In one of the extracts I have seen you speak of “a higher destiny in the distant future.” But what can be known of a future except by the revelations of One who can look into the future? If a man can have proceeded from a baboon, may he not also descend into one again? What is to prevent it? And if we take scripture, let us take it not only for the future, but for the past! How good then of God to draw aside the veil and let us look into the past as well as into the future.

Scripture not only details the fall of man, involving all Adam’s descendants; but for 4000 years man was in probation—some under law and some without law. But all ended in failure. And now (because man can be saved in no other way than by pure favour) God gave His only-begotten Son to die for sinners; that whosoever believeth in Him should never perish.

These are some of the things I believe scripture teaches on the subject under consideration. You will see they seem to clash materially with your theory though you may have a way of reconciling them in your own mind. If God has spoken in His word, I think you will agree with me that we are bound to read that revelation quite as much as the book of nature and science. And I hope you do not hold the impossibility of God making a revelation to man: for if so, how can He be God if there is something which (though man can do it to his fellow man quite easily) God cannot do?

Then why may not scripture be that revelation, seeing that it unfolds the past and the future which could be known in no other way? And thus we are brought back to the revelation of God to man in the Scripture

Pray pardon my long letter. I fear I may tire you with going over ground you may have often trod before. You will see I am interested in the subject, and believe me I feel interested in you, though unknown to me personally. I fear lest you may not see that you are involved in the common fall of man and need a saviour. Indeed it seems to me that you are in peculiar danger of overlooking this, seeing that you are occupied with the rise of man from something lower. But supposing this were so, and that eventually men could be so improved as to be angels (though I do not know that this is any part of your theory) what comfort would that be to you and me?4 How are we to obtain perfection—such a perfection that will do for God? What consolation will it be for us that in some future generation man may be as far above what man is now as civilised man is now morally above the savage, if you & I lack that improvement and perish eternally?

We have sinned, and Christ has died that you and I may be saved by the atonement He wrought. But what need was there for Him to have died if man could be so improved as to be fit for God’s presence? God knew this could not be, and in mercy has provided a remedy. And I trust that you with me are resting on the atoning blood of Christ; in whom there is full and complete salvation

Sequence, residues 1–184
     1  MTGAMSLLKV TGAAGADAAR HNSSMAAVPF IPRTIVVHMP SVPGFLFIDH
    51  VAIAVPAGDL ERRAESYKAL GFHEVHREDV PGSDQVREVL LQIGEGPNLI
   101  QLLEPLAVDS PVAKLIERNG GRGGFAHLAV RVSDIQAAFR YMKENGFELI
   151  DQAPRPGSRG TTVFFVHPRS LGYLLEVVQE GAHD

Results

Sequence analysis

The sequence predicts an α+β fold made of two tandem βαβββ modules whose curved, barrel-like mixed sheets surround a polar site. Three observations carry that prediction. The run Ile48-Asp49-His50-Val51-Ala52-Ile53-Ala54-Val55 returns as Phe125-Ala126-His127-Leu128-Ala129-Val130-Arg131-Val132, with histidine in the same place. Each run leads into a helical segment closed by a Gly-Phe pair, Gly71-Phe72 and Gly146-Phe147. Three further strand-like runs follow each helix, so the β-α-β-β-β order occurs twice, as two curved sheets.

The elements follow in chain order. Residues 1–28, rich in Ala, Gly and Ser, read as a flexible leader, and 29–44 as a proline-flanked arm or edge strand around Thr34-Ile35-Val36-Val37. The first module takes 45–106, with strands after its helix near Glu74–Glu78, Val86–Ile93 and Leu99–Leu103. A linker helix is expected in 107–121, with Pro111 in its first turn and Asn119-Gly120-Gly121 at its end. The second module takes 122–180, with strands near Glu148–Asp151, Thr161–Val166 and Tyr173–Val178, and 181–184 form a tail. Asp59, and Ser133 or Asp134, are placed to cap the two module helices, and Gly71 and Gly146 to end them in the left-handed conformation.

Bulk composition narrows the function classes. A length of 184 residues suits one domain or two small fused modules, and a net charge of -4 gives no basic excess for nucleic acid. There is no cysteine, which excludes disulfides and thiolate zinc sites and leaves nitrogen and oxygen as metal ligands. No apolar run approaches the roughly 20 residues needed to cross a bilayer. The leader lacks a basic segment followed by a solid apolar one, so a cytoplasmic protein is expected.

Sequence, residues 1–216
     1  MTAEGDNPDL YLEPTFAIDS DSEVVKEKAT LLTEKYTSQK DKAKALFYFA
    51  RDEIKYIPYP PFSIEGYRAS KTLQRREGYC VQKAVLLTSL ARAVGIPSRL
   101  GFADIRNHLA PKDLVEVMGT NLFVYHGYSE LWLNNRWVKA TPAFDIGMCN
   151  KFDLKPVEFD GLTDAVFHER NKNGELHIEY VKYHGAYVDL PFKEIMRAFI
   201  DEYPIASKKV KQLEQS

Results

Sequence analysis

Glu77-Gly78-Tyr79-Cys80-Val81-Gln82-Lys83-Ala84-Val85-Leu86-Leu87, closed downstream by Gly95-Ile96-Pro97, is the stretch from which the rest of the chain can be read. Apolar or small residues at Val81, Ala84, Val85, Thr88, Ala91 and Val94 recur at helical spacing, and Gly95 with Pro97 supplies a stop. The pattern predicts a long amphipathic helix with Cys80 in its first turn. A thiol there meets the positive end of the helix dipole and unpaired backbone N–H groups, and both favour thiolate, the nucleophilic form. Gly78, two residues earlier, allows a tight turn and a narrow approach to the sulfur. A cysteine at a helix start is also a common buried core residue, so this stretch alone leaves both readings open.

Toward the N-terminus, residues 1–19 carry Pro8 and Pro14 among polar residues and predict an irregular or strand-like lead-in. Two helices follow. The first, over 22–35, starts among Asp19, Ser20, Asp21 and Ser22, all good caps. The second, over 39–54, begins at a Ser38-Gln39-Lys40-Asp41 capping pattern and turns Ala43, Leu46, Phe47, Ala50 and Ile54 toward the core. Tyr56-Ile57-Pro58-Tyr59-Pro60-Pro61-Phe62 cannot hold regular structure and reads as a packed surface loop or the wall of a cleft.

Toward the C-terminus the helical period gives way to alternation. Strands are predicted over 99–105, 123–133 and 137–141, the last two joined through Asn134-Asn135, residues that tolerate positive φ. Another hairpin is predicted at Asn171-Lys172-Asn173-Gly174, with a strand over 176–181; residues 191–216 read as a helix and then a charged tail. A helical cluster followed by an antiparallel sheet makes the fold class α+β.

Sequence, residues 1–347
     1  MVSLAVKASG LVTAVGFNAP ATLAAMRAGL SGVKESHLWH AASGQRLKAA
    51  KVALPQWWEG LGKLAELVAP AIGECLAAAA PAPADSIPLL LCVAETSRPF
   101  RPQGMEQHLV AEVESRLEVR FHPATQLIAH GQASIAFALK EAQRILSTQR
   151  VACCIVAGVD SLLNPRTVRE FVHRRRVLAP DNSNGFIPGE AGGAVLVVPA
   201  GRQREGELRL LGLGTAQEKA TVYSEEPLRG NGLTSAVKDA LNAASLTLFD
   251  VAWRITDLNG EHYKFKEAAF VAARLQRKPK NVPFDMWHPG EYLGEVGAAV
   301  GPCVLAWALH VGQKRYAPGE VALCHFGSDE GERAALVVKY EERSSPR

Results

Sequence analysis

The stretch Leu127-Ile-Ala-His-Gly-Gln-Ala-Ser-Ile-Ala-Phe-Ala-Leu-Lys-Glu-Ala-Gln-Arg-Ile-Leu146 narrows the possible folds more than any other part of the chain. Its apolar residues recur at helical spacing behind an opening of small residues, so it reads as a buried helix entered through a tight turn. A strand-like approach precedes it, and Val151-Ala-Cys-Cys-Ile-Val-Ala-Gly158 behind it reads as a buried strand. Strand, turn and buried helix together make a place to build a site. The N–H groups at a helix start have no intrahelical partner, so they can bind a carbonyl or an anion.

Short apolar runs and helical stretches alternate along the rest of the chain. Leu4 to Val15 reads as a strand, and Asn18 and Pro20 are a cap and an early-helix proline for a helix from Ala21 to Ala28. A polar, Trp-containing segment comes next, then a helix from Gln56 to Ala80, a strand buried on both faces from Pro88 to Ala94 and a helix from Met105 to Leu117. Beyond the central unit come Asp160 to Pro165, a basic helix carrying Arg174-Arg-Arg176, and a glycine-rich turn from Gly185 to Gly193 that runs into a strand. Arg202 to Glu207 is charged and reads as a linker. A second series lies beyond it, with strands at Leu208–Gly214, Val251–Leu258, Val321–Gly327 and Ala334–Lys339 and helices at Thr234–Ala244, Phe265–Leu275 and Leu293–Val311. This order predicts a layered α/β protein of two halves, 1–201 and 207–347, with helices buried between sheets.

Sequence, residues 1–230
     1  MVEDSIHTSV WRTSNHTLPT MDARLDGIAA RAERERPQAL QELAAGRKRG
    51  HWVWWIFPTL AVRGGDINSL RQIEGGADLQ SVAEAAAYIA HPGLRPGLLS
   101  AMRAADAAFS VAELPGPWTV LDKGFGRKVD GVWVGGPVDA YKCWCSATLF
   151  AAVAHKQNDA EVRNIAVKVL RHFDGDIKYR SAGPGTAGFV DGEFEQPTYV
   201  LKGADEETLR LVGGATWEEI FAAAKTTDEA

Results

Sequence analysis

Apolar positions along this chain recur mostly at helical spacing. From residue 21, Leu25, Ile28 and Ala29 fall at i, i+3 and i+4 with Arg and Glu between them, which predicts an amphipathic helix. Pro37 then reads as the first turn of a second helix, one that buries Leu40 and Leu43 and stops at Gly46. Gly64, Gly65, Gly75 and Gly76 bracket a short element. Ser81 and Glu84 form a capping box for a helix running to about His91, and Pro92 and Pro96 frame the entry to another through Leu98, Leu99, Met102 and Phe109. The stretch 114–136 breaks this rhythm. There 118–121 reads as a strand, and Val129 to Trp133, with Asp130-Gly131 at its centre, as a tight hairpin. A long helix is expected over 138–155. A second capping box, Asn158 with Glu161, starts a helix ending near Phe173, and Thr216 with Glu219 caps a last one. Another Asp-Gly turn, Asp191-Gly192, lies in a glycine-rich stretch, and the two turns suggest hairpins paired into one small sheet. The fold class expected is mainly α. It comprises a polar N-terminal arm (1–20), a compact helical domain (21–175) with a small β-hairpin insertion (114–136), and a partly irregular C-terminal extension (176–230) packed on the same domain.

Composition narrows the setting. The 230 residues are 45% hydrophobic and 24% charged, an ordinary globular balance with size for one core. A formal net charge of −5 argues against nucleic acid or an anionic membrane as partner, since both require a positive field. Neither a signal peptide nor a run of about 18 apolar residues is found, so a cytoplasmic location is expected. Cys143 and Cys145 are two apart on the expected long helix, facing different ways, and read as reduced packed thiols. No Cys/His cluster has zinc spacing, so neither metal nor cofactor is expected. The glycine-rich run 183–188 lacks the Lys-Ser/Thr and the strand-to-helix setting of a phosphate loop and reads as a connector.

Pray excuse this freedom from an humble private individual—not as a caviller—but as one interested in the subject and interested in the future welfare of yourself

Yours truly | G. Morrish.

C. R. Darwin Esq, F.R.S. Etc.


It is not known whether the letter was written by George Morrish (1819–1912) or his son George Morrish (1850–1920).
Morrish mistakenly refers to extracts from a new edition of Origin, but evidently read extracts from Descent.
For more on the idea that human societies had degenerated from an original more perfect state, see Whately 1854, Whewell 1854, pp. 166–90, and Gillespie 1977. In Descent 1: 174, CD had dismissed the arguments of degenerationists as weak.
This is possibly a reference to the evolutionary views of Vestiges of the natural history of creation, in which no limits were placed on the perfectibility of humankind ([Chambers] 1844, p. 276).


[Chambers, Robert.] 1844. Vestiges of the natural history of creation. London: John Churchill.

Descent: The descent of man, and selection in relation to sex. By Charles Darwin. 2 vols. London: John Murray. 1871.

Gillespie, Neal C. 1977. The duke of Argyll, evolutionary anthropology, and the art of scientific controversy. Isis 68: 40-54.

Origin: On the origin of species by means of natural selection, or the preservation of favoured races in the struggle for life. By Charles Darwin. London: John Murray. 1859.

Whately, Richard. 1854. On the origin of civilisation. A lecture by his grace the archbishop of Dublin to the Young Men’s Christian Association. London.

Whewell, William. 1854. Of the plurality of worlds: an essay. Also a dialogue on the same subject. 2d ed. London.


Having read extracts of CD’s work, he argues that the scriptural version of man’s origin is superior, and he is concerned about CD’s salvation.

Letter details

Letter no.
George Morrish
Charles Robert Darwin
Sent from
London, Camberwell Rd, 114
Source of text
DAR 171: 244
Physical description
ALS 4pp

Please cite as

Darwin Correspondence Project, “Letter no. 7599,” accessed on 17 April 2024,

Also published in The Correspondence of Charles Darwin, vol. 19